Marine technicians take on crash rescue

Master Corporal Phil Groleau, a fire fighter from HMCS Algonquin, works as FLYCO on board HMCS Winnipeg. Photo by Corporal Dave Payne

Master Corporal Phil Groleau, a fire fighter from HMCS Algonquin, works as FLYCO on board HMCS Winnipeg. Photo by Corporal Dave Payne

Major Jim Hutcheson, RCAF PA ~

In January 2014, a joint Royal Canadian Air Force (RCAF) – Royal Canadian Navy (RCN) initiative was launched to transfer the vital role of helicopter crash rescue firefighting (HCRFF) on board RCN ships from fire fighters to hull technicians.

The aim was to improve personnel efficiency, given Defence Renewal targets and the reduced crew space available on new ships.

Since that time, Phase I of the transition has progressed smoothly and ahead of schedule. Hull technicians at the ordinary seaman/leading seaman levels have been fully trained and qualified to the required helicopter crash rescue firefighting standards, and they have now assumed this operational role on board all Her Majesty’s Canadian Ships.

The initiative has recently entered Phase II, in which the sector commander (a master corporal) and flying coordinator (FLYCO) (a sergeant) leadership positions will be transitioned to the RCN. Adding to the complexity of the transition, the hull technician occupation is ending and personnel transferred to a new marine technician (MAR TECH) occupation that will incorporate the helicopter crash rescue firefighting skills and training. This will actually benefit the transition by providing a greater pool of candidates to assume these duties.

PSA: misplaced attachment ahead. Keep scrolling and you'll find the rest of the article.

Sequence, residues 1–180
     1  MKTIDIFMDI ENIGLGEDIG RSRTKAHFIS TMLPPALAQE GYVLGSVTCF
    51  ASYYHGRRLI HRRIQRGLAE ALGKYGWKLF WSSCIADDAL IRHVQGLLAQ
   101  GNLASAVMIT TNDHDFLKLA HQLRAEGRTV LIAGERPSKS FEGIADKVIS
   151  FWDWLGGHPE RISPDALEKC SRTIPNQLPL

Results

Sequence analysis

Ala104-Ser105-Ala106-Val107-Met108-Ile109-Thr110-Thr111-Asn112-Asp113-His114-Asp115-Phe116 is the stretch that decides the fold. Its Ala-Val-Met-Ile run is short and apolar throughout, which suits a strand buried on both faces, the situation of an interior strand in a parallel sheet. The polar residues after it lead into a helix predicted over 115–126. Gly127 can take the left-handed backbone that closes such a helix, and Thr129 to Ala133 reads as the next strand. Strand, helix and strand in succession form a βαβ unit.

“The RCN is committed to ensuring training requirements for HCRFF, sector commander and FLYCO are maintained during the transition to the MAR TECH occupation,” said Chief Petty Officer First Class Earl Weir, previously a marine technician occupation manager in Halifax, Nova Scotia.

Chief Warrant Officer Gerard Slaunwhite, from the Office of the Canadian Forces Fire Marshal (CFFM), has been impressed by the progress of the transition.

“The leading seaman crash rescue operations training and the petty officer 2nd class/master seaman FLYCO mentorship have both been going very well,” he said. “Our next step is to get the petty officers second class/master seamen qualified for ship without an air detachment operations. We have been right on course so far, and we will continue to work hard to ensure smooth sailing for the remainder of the transition.”

The added value an HCRFF-qualified MAR TECH brings is an enhanced systems knowledge of the ship, says Major Norman Hanley, Sea Training (Atlantic) air officer.

“They immediately understand the impact of losing certain systems, and have the knowledge to keep the ship and helicopter combination an effective fighting force. As we prepare for operations with the highly advanced [CH-148] Cyclone, the right HCRFF training and infrastructure are vital to help ensure a safe and effective transition for both ship and helicopter crews.”

Over the next two years, the change will be completed on a ship-by-ship basis as personnel become fully trained. Verification of full operational readiness will be conducted as ships perform their Intermediate Multi-Ship Readiness Training. 

Close cooperation and coordination between the RCAF, RCN, Director Air Personnel Strategy and the Office of the CFFM have been essential to this initiative. It is important to note that all relevant tactics, techniques and procedures remain consistent, and that the required training levels and standards are met as the role is transferred to MAR TECHs. This initiative will also enhance the health and sustainability of the fire fighter occupation by allowing it to focus on primary land-based duties. The RCN will benefit by more efficiently utilizing crew members in the restricted shipboard environment.

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